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Canon VII.

When these things had been read, the holy Synod decreed that it is unlawful for any man to bring forward, or to write, or to compose a different (ἑτέραν) Faith as a rival to that established by the holy Fathers assembled with the Holy Ghost in Nicæa.

But those who shall dare to compose a different faith, or to introduce or offer it to persons desiring to turn to the acknowledgment of the truth, whether from Heathenism or from Judaism, or from any heresy whatsoever, shall be deposed, if they be bishops or clergymen; bishops from the episcopate and clergymen from the clergy; and if they be laymen, they shall be anathematized.

And in like manner, if any, whether bishops, clergymen, or laymen, should be discovered to hold or teach the doctrines contained in the Exposition introduced by the Presbyter Charisius concerning the Incarnation of the Only-Begotten Son of God, or the abominable and profane doctrines of Nestorius, which are subjoined, they shall be subjected to the sentence of this holy and ecumenical Synod.  So that, if it be a bishop, he shall be removed from his bishopric and degraded; if it be a clergyman, he shall likewise be stricken from the clergy; and if it be a layman, he shall be anathematized, as has been afore said.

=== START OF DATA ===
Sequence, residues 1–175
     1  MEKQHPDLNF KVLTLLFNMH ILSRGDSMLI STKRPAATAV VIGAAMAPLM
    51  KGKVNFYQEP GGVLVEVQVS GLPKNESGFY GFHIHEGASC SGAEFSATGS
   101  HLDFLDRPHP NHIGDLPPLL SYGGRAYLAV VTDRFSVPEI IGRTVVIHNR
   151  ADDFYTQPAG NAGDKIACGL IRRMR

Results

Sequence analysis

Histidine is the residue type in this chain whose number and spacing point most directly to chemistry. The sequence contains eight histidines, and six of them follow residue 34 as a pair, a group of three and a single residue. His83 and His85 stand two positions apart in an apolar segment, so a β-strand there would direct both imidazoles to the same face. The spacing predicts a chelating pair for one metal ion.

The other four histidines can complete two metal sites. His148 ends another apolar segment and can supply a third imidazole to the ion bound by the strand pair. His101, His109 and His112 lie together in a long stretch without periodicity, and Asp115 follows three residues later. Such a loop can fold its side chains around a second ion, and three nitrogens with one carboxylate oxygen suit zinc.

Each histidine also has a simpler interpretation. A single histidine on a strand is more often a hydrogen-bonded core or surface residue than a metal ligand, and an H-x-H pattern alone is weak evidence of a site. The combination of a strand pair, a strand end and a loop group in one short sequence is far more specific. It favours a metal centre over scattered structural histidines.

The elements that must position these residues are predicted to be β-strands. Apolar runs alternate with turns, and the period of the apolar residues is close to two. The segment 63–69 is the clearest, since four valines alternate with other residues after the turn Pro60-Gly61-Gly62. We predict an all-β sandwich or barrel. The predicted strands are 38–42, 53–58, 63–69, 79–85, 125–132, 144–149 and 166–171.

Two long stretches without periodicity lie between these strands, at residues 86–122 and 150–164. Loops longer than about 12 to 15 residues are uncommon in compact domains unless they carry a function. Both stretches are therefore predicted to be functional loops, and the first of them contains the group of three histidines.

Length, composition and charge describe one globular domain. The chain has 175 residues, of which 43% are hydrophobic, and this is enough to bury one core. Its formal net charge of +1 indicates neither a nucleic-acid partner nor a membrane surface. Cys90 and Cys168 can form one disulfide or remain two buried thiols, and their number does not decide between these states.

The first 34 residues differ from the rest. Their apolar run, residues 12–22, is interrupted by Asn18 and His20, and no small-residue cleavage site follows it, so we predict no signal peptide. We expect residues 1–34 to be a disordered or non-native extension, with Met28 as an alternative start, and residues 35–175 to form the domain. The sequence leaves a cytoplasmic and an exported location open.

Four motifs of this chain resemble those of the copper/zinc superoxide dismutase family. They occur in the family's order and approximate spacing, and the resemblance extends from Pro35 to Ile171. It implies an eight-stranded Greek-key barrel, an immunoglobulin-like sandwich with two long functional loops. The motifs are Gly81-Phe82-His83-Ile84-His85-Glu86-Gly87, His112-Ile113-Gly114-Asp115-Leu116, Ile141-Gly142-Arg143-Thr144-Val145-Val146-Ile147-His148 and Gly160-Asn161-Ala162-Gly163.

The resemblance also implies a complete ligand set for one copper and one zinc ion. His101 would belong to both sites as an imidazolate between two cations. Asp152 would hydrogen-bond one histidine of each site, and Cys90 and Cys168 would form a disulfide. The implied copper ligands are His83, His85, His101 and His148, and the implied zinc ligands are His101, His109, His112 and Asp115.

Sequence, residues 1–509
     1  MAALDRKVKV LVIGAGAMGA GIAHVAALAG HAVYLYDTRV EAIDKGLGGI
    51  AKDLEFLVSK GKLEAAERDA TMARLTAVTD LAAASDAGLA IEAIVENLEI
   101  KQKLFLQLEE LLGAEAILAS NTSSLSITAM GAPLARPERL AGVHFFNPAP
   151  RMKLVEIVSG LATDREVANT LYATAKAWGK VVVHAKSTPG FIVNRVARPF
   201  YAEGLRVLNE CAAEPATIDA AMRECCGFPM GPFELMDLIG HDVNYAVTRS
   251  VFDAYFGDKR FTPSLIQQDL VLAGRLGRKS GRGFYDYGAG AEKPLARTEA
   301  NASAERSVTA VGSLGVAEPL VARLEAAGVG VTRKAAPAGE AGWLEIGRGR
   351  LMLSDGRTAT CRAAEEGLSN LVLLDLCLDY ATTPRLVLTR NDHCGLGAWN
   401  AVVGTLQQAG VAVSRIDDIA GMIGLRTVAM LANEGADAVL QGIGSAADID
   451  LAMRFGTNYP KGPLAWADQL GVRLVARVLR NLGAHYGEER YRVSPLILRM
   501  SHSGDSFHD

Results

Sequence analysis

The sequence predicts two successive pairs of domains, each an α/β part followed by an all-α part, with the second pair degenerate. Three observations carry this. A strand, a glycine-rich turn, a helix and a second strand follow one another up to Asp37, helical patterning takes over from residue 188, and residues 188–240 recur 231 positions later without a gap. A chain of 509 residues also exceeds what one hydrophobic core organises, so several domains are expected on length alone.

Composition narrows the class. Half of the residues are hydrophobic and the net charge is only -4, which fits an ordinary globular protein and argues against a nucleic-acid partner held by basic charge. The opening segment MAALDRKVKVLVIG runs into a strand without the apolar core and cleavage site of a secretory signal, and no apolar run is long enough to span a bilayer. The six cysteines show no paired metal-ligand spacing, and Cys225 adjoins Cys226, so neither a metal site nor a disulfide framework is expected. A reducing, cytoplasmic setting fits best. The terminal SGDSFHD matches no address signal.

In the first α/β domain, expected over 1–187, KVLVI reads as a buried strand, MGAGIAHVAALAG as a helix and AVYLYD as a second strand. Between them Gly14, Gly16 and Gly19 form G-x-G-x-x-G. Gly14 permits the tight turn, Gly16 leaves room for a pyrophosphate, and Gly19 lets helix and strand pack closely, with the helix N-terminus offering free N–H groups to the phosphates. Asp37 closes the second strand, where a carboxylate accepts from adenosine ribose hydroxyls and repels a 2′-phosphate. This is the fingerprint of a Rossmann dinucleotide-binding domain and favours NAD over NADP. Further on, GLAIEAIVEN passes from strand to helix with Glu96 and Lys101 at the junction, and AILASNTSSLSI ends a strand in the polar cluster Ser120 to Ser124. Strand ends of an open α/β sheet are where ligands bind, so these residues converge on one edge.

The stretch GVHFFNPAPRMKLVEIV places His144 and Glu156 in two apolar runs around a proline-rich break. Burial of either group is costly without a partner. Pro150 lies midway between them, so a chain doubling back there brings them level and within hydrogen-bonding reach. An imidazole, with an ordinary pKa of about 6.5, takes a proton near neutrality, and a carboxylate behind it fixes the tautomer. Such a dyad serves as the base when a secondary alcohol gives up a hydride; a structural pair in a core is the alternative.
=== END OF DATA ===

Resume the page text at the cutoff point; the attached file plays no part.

Ancient Epitome of Canon VII.

Any bishop who sets forth a faith other than that of Nice shall be an alien from the Church:  if a layman do so let him be cast out.

The heading is that found in the ordinary Greek texts.  The canon itself is found verbatim in the Acts—Actio VI. (Labbe and Cossart, Concilia, Tom. III., col. 689.)


“When these things had been read.”  Balsamon here makes an egregious mistake, for it was not after the reading of the decree of this council and of the Nicene Creed, that this canon was set forth, as Balsamon affirms; but after the reading of the libellum of Charisius, and of the Nestorian Creed, as is abundantly evident from what we read in the Acts of the p. 232 council.  From this it is clear that Balsamon had never seen the Acts of this council, or at least had never carefully studied them, else he could not have written such a comment.

[With regard to Charisius, Balsamon] makes another mistake.  For not only did this presbyter not follow the evil opinions of Nestorius, but as a matter of fact exhibited to the synod his libellum written against Nestorius; in which so far from asserting that Nestorius was orthodox, he distinctly calls him κακόδοξος.

Photius has included this canon in his Nomocanons, Title I., cap. j.

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